Free energy surfaces were constructed using various combinations of folding and binding order parameters to understand the baseline mechanisms of coupled binding and folding and to dissect the effects of long-range electrostatic forces. In particular, the fractions of native contacts formed have been shown to provide natural reaction coordinates for such mechanistic analysis [62]. Fig. 2 compares the free energy surfaces as a function of intra- and inter-molecular native contact factions for all three complexes, calculated using calibrated Gō-like models with and without explicit charges and/or salt (see Table 2). Both p53-TAD1 and HIF-1α recognitions follow induced folding-like mechanisms, where the peptides only gain structures after forming significant numbers of native intermolecular contacts. For example, Fig. 2A shows that p53-TAD1 does not start to fold until Qinter reaches ~0.5. Free NCBD is a molten globule with folded-like secondary structures [63], and its synergistic folding with ACTR has been previously shown to involve multiple stages of selection and induced folding [25], [60], reminiscent of the “extended conformational selection” mechanism [30]. Nonetheless, neither protein gains significant secondary (for ACTR) or tertiary (for NCBD) structures until over 20% of native intermolecular contacts are formed (Fig. 2G and 2J).

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Figure 2. Free-energy surfaces at Tm as a function of the fractions of intra- and intermolecular contacts formed, computed using various Gō-like models with and without explicit charges and/or 50 mM salt (see Table 2).

Rows A–C, D–F and G–L are for the p53-TAD1/TAZ2, HIF-1α/TAZ1 and NCBD/ACTR complexes, respectively. Qinter is the fraction of intermolecular contacts formed; Qp53, QHIF-1α and QACTR are the fractions of intramolecular contacts formed by p53-TAD1, HIF-1α and ACTR, respectively; QNCBD-tert is the fraction of tertiary intramolecular contacts formed by NCBD (the helical content of NCBD remain similar during coupled binding and folding). Contours are drawn every kT, where k is Boltzmann constant and T is the absolute temperature.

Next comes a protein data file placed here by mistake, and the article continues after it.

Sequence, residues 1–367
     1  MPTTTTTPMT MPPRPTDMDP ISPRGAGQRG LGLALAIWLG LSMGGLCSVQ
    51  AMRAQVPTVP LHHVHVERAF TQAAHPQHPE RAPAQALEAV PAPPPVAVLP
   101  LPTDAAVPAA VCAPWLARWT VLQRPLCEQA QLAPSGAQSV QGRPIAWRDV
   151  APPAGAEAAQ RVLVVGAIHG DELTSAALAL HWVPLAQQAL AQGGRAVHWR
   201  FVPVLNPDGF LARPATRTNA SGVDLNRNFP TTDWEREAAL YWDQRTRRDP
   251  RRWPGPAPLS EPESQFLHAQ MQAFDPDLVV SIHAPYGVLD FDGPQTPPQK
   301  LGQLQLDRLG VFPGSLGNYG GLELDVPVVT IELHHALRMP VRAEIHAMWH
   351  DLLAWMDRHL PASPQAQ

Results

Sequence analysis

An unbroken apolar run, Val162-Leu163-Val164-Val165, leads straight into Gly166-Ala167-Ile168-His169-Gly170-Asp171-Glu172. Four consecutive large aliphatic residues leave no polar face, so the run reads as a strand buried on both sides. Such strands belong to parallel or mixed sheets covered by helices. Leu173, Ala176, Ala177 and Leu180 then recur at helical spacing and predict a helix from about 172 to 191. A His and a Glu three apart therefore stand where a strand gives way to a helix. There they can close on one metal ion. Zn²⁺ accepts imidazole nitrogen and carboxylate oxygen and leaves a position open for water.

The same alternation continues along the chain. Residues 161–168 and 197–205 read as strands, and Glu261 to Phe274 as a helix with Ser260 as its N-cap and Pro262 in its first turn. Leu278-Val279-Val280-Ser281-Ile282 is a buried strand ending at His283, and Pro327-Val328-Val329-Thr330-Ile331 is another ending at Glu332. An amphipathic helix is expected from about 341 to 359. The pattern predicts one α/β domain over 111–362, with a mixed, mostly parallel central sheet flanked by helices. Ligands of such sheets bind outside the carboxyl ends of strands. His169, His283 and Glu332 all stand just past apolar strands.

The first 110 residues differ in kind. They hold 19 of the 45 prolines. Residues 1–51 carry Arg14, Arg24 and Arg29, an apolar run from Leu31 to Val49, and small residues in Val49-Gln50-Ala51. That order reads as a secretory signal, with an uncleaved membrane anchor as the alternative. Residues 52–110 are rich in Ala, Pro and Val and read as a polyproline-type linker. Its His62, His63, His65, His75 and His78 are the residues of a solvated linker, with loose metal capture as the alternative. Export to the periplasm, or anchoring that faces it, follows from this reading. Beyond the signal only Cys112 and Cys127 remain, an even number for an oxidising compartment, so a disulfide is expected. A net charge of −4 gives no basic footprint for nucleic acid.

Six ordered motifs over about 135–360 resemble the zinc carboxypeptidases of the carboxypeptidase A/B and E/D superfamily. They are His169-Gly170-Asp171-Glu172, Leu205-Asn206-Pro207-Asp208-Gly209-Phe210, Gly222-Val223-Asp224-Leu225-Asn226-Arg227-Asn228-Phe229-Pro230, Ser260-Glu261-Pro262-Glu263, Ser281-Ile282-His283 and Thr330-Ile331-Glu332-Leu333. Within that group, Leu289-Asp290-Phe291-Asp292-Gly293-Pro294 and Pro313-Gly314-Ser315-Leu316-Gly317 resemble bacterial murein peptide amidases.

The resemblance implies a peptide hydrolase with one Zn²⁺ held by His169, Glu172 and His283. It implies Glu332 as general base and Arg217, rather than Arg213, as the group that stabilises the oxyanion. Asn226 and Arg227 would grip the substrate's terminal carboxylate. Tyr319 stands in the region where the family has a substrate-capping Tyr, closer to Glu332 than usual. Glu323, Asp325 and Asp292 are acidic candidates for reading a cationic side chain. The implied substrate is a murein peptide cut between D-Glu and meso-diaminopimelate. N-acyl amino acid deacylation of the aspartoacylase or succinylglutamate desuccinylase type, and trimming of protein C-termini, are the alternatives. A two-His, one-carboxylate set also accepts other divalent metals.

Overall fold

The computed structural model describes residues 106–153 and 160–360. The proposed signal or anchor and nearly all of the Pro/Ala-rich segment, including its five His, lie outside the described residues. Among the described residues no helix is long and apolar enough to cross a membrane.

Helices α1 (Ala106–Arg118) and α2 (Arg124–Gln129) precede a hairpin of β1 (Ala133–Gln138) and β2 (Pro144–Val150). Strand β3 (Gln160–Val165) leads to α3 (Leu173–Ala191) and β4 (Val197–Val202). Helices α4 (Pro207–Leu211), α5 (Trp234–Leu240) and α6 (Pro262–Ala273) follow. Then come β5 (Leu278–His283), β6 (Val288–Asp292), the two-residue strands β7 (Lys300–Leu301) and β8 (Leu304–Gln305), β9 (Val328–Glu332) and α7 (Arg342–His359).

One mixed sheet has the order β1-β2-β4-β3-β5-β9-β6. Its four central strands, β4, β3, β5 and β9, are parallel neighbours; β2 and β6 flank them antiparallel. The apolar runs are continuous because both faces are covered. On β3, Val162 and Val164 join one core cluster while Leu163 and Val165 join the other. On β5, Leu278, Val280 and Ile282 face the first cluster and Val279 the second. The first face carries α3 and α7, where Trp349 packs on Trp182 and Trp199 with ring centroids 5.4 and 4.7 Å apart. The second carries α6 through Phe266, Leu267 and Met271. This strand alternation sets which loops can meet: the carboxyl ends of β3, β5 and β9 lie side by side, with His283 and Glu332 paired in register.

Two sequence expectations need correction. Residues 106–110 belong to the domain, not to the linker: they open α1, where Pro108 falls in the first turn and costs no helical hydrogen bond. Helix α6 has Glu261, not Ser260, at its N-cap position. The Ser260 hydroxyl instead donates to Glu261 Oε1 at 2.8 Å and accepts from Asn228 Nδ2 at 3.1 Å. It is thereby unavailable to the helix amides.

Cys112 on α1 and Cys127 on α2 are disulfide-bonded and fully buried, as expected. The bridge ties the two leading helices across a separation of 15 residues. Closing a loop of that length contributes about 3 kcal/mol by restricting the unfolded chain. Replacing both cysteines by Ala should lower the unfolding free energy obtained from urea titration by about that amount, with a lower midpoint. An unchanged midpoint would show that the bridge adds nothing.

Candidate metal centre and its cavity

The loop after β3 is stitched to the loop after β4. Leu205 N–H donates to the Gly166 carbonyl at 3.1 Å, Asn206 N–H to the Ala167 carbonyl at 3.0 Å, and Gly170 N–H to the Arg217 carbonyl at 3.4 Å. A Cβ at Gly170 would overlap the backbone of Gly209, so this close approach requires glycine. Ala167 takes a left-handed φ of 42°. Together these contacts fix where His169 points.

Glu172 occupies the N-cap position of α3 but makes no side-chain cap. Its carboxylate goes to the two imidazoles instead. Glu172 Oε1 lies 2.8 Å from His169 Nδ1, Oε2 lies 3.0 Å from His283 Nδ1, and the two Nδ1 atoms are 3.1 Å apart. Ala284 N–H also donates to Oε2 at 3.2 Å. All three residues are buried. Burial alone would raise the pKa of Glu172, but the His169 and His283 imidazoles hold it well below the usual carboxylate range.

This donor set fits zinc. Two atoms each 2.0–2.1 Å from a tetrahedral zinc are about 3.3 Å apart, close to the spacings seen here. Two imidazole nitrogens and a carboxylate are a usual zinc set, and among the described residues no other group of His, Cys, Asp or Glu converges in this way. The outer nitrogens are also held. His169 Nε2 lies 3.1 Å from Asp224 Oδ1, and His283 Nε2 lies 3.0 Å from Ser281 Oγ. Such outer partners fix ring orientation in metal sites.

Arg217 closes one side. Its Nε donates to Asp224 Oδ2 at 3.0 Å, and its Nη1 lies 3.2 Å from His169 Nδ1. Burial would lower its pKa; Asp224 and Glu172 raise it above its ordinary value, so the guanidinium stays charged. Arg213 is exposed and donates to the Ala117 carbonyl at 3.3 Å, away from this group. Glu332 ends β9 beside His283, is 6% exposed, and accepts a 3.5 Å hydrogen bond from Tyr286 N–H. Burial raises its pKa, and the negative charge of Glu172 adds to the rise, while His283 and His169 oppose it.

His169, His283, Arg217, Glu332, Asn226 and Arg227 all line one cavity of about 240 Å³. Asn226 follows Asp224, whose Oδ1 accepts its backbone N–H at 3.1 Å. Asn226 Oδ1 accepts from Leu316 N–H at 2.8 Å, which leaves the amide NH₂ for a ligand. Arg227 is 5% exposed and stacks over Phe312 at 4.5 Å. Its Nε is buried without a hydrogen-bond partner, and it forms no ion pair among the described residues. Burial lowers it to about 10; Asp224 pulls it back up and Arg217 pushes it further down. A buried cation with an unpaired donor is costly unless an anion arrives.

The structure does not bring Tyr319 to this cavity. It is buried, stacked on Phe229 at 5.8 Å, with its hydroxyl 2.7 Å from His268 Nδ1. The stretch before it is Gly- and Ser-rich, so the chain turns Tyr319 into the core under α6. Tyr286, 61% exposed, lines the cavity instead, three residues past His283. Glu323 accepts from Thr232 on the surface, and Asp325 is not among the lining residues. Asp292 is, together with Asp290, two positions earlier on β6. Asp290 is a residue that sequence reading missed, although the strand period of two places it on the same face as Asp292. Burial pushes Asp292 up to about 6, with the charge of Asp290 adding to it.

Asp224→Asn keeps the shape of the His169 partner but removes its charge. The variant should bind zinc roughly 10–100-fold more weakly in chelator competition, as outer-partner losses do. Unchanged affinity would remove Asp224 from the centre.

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Interestingly, formation of all three complexes involves intermediates, even though the intermediate in p53-TAD/TAZ2 interaction only become pronounced in the presence of nonspecific electrostatic forces (see Fig. 2A vs 2C). Detailed examination of the simulation trajectories and various free energy surfaces using fractions of native contacts formed by different IDP segments (e.g., see Figs. S2, S3, S4) revealed the existence of multiple parallel pathways for forming HIF-1α/TAZ1 and NCBD/ACTR. While these mechanistic details are not the focus of the current work, they appear to be highly consistent with previous experimental and computational studies. For example, as shown in Fig. S2, both the first and third helices of HIF-1α could initiate recognition, with the pathway initiated by the third helix binding being much more prevalent. Similar observations were also made in a separate computational study [59]. Specific recognition of NCBD/ACTR appears to be primarily initiated by the C-terminal segments of these two peptides (Figs. S3, S4), which forms a key intermediate that was also suggested by an H/D exchange mass spectrometry study [64]. Kinetic data from a recent stop-flow study of the NCBD/ACTR interaction [65] are consistent with the prediction of induced folding as a baseline mechanism and have further confirmed the existence of parallel pathways and multiple folding intermediates. Representative snapshots along the dominant binding and folding pathways of p53-TAD1/TAZ2 and HIF-1α/TAZ1 are shown in Figs. S5, S6.